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Economic and Functional Obsolescence Part 2

12.19.2015 Appraisals

Upgrading older aircraft makes sense for many operators…
Last month, Elliott Aviation’s Jim Becker discussed economic and functional obsolescence as it applies to older corporate aircraft. Can it make economic sense to invest an amount in an aircraft exceeding its market value?

We have found that, for many operators, the answer to the above question is ‘yes’. Despite the fact that an aircraft has a physical life and an economic useful life (see Part 1 in the July edition of AvBuyer p78), older corporate aircraft are indeed viable solutions to a certain type of operator as we’ll discover below…

In the past year alone, over 600 jets older than 25 years have transacted, not only including older Challengers, Citations, Hawkers, Learjets and Gulfstreams, but also those built by companies that are no longer making aircraft (i.e. Sabreliner and IAI).

The evidence shows that owning a jet older than 20 years can make sense to various operators. Even though many of these aircraft are facing economic obsolescence, their owners have chosen to invest the capital necessary to bring the aircraft up to modern standards.

Who Invests & Why?
There are several reasons why an owner/buyer would choose to invest in a decades-old airplane. In some cases, it’s an operator who has owned their aircraft for many years: It is a known entity to them – they know its maintenance and operational history and are comfortable with their aircraft’s performance and operating costs. They don’t have a foreseeable change in their typical flight mission, and by keeping their older jet, they don’t need to re-train their flight crew on a different aircraft type.

I recently spoke with the owner of an older model Hawker 800XP who invested in modernizing their aircraft with the latest Honeywell CDS/R with FMS 6.1 avionics upgrade, along with new paint and interior. While that investment neared the value of the aircraft, they have owned the jet for many years and were very comfortable flying it. Their crew is familiar with operating the aircraft and, for them the size of the cabin was perfect for their mission needs.

Similarly, I saw an owner of a late 1970s King Air 200 recently spend over $1.5m dollars on upgrades, replacing the avionics with a state-of-the-art Garmin G1000 panel, upgrading the engines with more powerful PT6A-52s, and refurbishing it with a new paint and interior, all-new wing boots and fuel cells.

To some, it would seem pure folly to invest this kind of money in an aircraft with a value well below $1m, but if you dig deeper, you can see why it made sense for them (they had purchased the aircraft new and it had served them well for over forty years). The cost of replacement like-for-like with a newer model would have been greater.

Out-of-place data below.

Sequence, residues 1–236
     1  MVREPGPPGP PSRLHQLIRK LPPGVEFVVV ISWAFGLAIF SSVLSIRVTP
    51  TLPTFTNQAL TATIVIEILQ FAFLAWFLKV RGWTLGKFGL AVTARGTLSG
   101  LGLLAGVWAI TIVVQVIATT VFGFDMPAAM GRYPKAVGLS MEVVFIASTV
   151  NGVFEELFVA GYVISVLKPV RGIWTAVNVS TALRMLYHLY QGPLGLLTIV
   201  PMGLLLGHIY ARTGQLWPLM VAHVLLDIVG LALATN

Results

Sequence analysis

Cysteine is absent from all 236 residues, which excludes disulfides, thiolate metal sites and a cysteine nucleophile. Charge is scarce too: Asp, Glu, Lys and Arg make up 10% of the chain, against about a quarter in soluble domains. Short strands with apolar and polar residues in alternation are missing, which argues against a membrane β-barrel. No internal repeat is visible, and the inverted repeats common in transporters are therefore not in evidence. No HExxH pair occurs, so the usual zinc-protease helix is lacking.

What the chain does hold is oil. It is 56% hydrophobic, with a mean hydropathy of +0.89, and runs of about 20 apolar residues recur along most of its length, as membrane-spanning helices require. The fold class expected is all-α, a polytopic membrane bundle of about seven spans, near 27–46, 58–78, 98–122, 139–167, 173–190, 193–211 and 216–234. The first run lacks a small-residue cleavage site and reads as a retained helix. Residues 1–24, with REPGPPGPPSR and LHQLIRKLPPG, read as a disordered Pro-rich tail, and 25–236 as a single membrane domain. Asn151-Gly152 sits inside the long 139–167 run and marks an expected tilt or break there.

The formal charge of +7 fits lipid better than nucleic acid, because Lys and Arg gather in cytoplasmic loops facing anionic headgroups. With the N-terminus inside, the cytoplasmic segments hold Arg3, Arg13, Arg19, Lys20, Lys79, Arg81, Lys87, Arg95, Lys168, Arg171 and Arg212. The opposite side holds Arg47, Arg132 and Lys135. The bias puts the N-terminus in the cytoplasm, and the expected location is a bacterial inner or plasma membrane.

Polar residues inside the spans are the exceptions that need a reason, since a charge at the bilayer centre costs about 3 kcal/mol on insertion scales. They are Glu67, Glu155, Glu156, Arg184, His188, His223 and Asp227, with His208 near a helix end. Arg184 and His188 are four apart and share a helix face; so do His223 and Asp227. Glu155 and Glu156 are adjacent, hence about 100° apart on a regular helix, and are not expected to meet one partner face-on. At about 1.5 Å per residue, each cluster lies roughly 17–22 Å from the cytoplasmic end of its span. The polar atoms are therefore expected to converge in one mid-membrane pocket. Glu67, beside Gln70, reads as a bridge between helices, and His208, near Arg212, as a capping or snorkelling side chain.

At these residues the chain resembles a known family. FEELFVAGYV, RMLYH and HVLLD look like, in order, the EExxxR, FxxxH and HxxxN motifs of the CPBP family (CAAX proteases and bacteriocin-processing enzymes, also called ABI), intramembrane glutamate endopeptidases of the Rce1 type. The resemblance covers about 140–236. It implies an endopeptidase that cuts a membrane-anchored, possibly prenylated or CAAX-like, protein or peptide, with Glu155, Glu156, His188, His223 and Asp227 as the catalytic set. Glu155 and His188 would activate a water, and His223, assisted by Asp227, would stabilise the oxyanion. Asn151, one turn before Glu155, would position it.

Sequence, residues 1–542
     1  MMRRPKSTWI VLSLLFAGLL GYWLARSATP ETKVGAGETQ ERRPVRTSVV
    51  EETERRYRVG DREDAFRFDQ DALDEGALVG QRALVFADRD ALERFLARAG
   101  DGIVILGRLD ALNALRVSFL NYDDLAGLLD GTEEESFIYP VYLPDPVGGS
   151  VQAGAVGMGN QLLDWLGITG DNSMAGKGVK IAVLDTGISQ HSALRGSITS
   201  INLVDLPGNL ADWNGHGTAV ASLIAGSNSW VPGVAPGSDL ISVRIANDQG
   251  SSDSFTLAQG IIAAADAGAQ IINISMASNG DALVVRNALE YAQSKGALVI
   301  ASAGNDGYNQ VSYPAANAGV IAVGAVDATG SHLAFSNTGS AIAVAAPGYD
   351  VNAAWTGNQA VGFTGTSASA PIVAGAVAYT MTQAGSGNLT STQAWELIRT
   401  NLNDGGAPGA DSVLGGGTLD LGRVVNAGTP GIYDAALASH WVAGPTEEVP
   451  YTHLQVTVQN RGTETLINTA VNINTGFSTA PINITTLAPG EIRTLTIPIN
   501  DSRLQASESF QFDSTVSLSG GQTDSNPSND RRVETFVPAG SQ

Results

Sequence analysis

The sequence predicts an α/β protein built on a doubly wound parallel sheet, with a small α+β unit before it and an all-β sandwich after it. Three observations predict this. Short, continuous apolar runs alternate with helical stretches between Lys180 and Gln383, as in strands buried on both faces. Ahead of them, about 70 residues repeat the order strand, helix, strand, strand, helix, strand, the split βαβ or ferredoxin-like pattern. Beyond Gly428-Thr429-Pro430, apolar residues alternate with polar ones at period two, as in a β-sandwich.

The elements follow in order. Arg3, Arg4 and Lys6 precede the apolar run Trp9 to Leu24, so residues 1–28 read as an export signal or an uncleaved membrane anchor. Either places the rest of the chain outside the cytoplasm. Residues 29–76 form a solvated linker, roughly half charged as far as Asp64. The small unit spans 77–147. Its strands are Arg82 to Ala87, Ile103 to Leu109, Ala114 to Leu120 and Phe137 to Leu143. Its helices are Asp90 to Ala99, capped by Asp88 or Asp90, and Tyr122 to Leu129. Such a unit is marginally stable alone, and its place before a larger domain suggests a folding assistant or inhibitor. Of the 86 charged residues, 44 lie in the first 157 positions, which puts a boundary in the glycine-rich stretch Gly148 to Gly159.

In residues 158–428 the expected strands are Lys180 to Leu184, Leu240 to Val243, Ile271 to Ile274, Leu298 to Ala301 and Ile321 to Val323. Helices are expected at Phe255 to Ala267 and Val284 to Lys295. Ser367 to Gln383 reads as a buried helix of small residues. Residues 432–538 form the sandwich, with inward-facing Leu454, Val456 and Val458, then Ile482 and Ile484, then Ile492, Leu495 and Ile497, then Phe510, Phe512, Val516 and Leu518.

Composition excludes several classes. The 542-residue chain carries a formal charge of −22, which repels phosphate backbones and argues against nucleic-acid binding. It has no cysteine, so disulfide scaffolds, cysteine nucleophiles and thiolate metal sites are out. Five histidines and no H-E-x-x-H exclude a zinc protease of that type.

Generally speaking, this particular owner-type is happy with their maintenance-provider, and the aircraft owned still receives a good level of support from the OEM.

Another motivated group would be the aircraft buyer who simply doesn’t want to pay the price of a newer model. They can purchase an older aircraft, and similar to the owners in the above case studies upgrade the avionics, paint and interior – even the engines in some cases. Although this buyer-type may have invested more in the aircraft than its market value, they end up with an aircraft that has been brought up to modern standards for less money than buying a newer aircraft already at those standards.

A third group also seeks to take advantage of the low acquisition cost of an older aircraft… Some charter operators have been taking advantage of price declines for older jets. Although the acquisition savings may be offset somewhat by higher operating costs, it still makes economic sense to them to follow this route. In many cases they can charge the same hourly rate for an older aircraft as for a newer one, especially if the cosmetics are good.

The Lending Myth
When used aircraft prices started falling in 2008, many aircraft lenders restricted the types of aircraft that they were willing to finance. Buyers of older aircraft aged 15-years-plus found limited choices for finance as many lenders refused to underwrite those jets. This put additional downward pressure on these models.

It’s a myth, however, that aircraft lenders won’t loan on an older aircraft. Companies such as Aircraft Finance Corporation (as an example) specialize in older aircraft. While no age restriction is placed, there is a preference to loan on aircraft with fewer than 10,000-12,000 airframe hours though.

Closing Thoughts
Hopefully the above discussion illustrates that an older aircraft that might have become obsolescent in the opinion of some is not necessarily obsolescent to all. There can be many reasons to purchase, or continue flying an older aircraft. Many factors will determine whether an aircraft can be operated economically or, in fact, has become obsolete.

The ultimate decision maker is you. You decide if your aircraft is still providing the required level of service and reliability and if, in some cases, it is worth it to you to invest an unrecoverable sum of money in that aircraft.

Next month, we’ll focus specifically on the buying segment for older aircraft and consider what the buyer of an older aircraft should consider to ensure they walk away from the deal smiling… Stay tuned!


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